Ohio House puts spotlight on aerospace

5:40 p.m Wednesday, Dec. 11, 2013 Politics

Miami Valley lawmakers are making moves to strengthen Ohio’s aerospace presence and secure Wright-Patterson Air Force Base and other federal defense facilities in Ohio.

An informal group of lawmakers with an interest in aerospace met Wednesday morning to discuss plans to evaluate strengths and weaknesses of Ohio’s bases. A few hours later, the Ohio House of Representatives approved a bill to create a permanent legislative committee focused on the aerospace industry.

Retired Major General Greg Wayt, working for the company CBD Advisors, told lawmakers and their staff members that Ohio needs to be prepared for the next round of the Base Realignment and Closure, or BRAC. Once it happens, Wayt said, it will be too late to build the case to keep or add jobs in Ohio.

“Ohio has lost every time,” Wayt said. “In every one of those we have lost some structure… every time we’ve had some kind of a job loss, some kind of an economic impact.”

The U.S. Department of Defense has requested two rounds of BRAC in 2015 and 2017. Congressional leaders haven’t approved the reviews, but Ohio’s delegation wants to be sure the state won’t receive cuts.

The last BRAC in 2005 identified Wright-Patterson as an asset and about 1,200 new military and civilian positions were relocated there. With more than 27,000 employees, the base is the largest single-site employer in Ohio.

Wayt said Ohio communities can’t rely solely on the emotional appeal of letters and rallies — they need to be able to present facts.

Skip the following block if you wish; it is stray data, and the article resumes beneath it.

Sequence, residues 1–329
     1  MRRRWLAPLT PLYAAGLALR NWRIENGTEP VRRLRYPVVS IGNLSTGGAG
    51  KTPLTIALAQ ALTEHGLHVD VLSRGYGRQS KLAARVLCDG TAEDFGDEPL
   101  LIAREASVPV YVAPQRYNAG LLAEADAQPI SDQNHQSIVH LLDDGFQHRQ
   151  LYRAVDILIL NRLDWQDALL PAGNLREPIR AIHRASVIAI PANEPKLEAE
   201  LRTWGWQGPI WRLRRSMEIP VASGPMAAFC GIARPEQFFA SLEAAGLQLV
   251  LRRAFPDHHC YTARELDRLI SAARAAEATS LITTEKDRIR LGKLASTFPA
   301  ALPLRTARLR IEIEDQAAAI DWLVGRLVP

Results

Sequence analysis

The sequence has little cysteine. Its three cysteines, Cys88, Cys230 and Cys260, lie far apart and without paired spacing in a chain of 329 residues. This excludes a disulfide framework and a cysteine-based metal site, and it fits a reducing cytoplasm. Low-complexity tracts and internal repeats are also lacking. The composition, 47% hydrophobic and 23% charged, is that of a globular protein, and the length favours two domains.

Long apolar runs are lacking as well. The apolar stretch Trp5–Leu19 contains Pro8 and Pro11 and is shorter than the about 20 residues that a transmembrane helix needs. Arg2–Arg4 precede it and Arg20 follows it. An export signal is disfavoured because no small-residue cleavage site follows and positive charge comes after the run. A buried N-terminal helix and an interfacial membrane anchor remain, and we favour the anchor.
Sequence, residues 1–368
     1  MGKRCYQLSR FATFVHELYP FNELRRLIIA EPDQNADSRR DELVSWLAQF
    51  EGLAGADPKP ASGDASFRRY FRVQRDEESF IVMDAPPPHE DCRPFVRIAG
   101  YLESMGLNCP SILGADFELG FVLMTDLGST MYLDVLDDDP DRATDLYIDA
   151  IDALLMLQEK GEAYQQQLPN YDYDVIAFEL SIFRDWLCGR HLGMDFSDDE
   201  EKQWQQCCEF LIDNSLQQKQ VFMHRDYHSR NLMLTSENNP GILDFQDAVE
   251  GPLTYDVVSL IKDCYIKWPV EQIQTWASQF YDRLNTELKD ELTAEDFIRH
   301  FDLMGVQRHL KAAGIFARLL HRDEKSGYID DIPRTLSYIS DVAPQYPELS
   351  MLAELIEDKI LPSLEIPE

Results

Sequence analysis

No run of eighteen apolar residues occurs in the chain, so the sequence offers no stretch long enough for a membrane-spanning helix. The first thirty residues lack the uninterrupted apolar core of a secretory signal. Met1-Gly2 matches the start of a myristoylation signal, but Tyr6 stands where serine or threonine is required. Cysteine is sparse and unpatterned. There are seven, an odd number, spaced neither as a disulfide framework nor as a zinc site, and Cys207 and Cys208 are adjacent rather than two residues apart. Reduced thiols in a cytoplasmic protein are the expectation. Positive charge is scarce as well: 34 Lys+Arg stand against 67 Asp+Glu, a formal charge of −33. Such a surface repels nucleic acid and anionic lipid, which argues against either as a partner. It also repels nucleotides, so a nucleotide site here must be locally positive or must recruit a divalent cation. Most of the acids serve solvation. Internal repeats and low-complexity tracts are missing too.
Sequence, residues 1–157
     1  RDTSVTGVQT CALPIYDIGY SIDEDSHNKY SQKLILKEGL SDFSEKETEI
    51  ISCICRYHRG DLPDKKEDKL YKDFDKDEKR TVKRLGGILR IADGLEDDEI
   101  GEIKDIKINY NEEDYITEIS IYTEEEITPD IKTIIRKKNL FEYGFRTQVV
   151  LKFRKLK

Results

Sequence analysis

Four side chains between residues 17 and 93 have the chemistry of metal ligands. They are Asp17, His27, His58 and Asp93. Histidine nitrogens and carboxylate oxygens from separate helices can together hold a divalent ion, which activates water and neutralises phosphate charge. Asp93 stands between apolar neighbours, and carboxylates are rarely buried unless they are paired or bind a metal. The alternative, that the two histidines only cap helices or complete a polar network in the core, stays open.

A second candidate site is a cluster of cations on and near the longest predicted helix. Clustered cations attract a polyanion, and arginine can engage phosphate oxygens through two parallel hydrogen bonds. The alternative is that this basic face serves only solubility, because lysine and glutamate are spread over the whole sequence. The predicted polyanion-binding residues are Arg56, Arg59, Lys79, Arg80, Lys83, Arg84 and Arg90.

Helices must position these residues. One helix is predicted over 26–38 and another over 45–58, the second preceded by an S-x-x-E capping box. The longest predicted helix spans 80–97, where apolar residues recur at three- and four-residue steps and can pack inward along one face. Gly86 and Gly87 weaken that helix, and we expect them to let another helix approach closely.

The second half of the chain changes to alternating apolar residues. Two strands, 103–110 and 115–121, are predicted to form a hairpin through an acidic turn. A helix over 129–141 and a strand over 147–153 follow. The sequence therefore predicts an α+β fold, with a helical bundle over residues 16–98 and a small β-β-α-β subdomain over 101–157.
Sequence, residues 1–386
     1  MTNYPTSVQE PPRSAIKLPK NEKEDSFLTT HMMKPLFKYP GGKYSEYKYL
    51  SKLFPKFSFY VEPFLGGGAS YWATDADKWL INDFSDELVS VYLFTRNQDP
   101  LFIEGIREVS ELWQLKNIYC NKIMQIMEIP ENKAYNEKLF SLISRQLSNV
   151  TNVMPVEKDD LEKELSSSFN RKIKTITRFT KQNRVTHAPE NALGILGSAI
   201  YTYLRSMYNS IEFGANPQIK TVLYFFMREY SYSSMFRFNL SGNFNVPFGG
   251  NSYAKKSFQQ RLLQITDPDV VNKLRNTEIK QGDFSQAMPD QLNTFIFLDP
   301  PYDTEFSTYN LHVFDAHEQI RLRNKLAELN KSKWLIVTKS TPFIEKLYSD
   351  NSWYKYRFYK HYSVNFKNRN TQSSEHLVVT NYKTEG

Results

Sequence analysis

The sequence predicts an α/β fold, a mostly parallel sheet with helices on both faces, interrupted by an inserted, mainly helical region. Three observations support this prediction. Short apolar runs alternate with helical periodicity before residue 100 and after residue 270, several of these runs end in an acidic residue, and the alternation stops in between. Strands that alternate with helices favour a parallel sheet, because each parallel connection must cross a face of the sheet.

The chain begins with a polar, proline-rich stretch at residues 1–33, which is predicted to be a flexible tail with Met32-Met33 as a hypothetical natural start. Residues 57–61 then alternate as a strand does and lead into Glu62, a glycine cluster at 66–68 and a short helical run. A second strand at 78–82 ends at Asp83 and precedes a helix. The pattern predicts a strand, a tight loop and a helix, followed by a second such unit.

Sen. Chris Widener, R-Springfield, said communities need to request funding within the framework of Jobs Ohio, the private economic development organization created by Gov. John Kasich, and regional development agencies instead of directly sending requests to Congress.

“We need to emphasize to cities, counties and communities that if we’re going to work together, we need to continue to work together,” Widener said.

The Dayton Development Coalition secured $10 million over the next two years in state funding, a portion of which will be spent readying Ohio for federal defense cuts and future BRACs.

The bill establishing the aerospace committee — House Bill 292 — passed the House 90-0 and now moves to the Senate for approval. The bill, sponsored by Rep. Rick Perales, R-Beavercreek, would create a 13-member Aerospace and Technology Study Committee that would include three House members, three Senators and seven members from industry, academia and the military. The committee would have representation from each geographic region of Ohio.

“The purpose of the bill is make Ohio more friendly for aerospace and technology industry,” Perales said. “Simply put, it’s connecting the dots around the state of Ohio.”